Over the last week, the editorial board of The Buffalo News met with policy-makers and leaders and researched, analyzed and debated issues affecting this community. Here's a summary of the week's editorials, which can be read in full on our Web pages:
Sunday: The News' editorial board backed Gov. David A. Paterson's approach to enacting much-needed state spending cuts by including parts of his proposed pared-down budget in the weekly "extender bills" that keep government running. That forces a Legislature that can't bring itself to make politically tough choices either to go along with the cuts or shut down the government, triggering chaos that would bring even more political pain. So far, the Legislature has blinked. Paterson deserves credit for continually seeking solutions to the state's fiscal mess.
Monday: The day's top editorial supported efforts to expand the state's DNA evidence databank yet again, this time to include DNA samples from anyone convicted of any crime here. In an earlier expansion in 2006, some 200 crimes were exempted; there's no good reason for that. A second editorial hoped that close attention was being paid to what was working and what wasn't in the response to the gulf oil leak, so that better regulations and better responses can be devised for the future.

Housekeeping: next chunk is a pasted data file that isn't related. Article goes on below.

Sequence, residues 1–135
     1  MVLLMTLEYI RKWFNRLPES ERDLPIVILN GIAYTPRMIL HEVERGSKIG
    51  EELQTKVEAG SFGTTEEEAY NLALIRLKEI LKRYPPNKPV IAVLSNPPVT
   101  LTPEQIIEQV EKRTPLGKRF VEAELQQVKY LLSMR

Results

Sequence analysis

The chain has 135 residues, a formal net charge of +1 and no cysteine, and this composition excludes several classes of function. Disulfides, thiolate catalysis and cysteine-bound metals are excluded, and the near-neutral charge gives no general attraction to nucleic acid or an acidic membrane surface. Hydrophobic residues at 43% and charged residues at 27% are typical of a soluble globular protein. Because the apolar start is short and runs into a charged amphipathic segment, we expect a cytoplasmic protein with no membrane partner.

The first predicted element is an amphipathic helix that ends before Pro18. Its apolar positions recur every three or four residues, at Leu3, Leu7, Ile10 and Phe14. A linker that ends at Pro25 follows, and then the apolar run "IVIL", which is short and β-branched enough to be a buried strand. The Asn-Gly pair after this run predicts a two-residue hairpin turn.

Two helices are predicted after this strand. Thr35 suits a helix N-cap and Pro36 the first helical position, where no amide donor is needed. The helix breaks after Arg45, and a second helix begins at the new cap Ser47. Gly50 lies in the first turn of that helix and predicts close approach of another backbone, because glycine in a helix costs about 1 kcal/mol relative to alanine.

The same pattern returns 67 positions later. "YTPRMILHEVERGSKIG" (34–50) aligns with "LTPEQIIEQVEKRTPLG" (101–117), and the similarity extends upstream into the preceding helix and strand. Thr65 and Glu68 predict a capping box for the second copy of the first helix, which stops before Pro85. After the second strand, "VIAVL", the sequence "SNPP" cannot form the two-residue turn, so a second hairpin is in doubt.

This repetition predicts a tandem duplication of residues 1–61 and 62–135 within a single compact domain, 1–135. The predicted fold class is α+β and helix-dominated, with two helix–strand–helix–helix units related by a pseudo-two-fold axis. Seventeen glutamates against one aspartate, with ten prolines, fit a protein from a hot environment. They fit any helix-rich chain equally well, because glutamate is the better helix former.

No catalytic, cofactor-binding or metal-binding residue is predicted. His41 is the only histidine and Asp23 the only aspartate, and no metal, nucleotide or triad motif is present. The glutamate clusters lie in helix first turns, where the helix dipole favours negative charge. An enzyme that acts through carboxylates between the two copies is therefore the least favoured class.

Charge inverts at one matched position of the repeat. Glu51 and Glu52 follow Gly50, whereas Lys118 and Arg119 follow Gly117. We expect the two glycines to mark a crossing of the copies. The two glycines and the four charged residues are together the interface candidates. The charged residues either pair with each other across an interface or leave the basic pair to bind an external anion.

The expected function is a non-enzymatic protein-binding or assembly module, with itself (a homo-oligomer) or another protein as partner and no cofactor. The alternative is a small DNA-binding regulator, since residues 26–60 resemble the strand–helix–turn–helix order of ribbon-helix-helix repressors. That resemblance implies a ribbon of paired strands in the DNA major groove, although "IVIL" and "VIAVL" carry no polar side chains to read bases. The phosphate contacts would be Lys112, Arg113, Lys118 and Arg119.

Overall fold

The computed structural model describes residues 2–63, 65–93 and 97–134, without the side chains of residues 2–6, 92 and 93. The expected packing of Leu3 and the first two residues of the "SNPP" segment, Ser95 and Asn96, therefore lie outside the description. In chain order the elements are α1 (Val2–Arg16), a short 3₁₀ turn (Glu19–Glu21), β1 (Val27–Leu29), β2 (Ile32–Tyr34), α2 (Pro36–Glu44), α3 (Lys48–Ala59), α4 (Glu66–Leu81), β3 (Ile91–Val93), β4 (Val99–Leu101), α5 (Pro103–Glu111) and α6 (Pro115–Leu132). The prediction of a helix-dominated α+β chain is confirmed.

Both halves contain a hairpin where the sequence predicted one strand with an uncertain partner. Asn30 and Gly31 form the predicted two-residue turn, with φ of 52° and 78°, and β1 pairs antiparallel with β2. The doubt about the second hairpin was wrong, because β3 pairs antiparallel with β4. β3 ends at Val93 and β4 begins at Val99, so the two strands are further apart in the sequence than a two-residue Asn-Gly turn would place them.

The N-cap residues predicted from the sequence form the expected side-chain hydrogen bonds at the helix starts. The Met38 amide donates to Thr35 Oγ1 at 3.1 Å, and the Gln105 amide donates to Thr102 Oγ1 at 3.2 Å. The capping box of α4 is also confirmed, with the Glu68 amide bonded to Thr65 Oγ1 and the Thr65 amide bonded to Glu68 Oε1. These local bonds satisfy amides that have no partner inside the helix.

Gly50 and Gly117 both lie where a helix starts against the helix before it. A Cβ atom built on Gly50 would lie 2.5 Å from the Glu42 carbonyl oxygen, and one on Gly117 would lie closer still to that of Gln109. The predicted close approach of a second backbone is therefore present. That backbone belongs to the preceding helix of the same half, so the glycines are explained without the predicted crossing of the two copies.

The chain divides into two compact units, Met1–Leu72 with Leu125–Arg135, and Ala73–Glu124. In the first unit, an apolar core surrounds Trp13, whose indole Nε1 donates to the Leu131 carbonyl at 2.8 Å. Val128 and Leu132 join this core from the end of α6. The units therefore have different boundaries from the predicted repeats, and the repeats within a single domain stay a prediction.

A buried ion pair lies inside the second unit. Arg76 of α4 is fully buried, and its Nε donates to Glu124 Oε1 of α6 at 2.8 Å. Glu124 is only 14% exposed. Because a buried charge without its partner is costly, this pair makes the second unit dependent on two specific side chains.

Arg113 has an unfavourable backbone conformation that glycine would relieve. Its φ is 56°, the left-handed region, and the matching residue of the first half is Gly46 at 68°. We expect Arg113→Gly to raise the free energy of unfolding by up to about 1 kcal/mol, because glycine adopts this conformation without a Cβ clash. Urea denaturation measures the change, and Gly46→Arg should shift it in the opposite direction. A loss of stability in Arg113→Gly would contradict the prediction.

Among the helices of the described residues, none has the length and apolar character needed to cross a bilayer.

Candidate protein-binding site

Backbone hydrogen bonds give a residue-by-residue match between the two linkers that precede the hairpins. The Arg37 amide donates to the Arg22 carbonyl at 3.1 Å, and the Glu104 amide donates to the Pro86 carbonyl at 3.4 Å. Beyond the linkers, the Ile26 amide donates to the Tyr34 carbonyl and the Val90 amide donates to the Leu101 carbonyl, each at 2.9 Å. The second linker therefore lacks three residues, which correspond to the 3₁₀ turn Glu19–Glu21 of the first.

Tuesday: The editorial board once again urged state lawmakers to push hard to pass the Public Higher Education Empowerment and Innovation Act, a statewide version of the UB 2020 plan that would give state university campuses more flexibility and more ability to be the economic engines that places such as Western New York need. A second editorial took a look at a California open-primary proposition that will erase party lines in picking top candidates, analyzing some pros and cons but concluding this is worth keeping an eye on.
Wednesday: The national disgrace of mishandled burials at Arlington National Cemetery, America's iconic resting place for fallen warriors, drew the ire of our editorialists, who viewed the replacement of cemetery management as just a first step in making sure the country's obligations to those who sacrificed are met. A second editorial backed New York passage of a gun-tracing measure called microstamping, which leaves tiny marks on the cartridges of semiautomatic pistols.
Thursday: President Obama's first Oval Office address, on the gulf oil disaster, drew a review in the day's top editorial -- which found it mostly rhetoric that would have played better on day three or four of the disaster than it did on day 57, especially in the gulf region; Obama got credit, though, for making BP establish an escrow compensation fund. The second editorial said Rep. James Sensenbrenner of Wisconsin, who owns BP stock, should recuse himself from the House investigation of the disaster, something he didn't plan on doing.
Friday: Celebrating good news, the day's three editorials praised a State Canal Corp. plan to add 100 boat and canoe launch sites along the Erie Canal, capitalizing on a state historic treasure that has become a recreational asset; noted a top-10 national ranking for City Honors High School and said it served as an example of what's possible despite education system challenges; and applauded the spirit of public service in a move that installs a National Fuel executive paid by the utility as top deputy to County Executive Chris Collins, and allows Jeffrey F. Hart to donate his mandatory county salary to charity.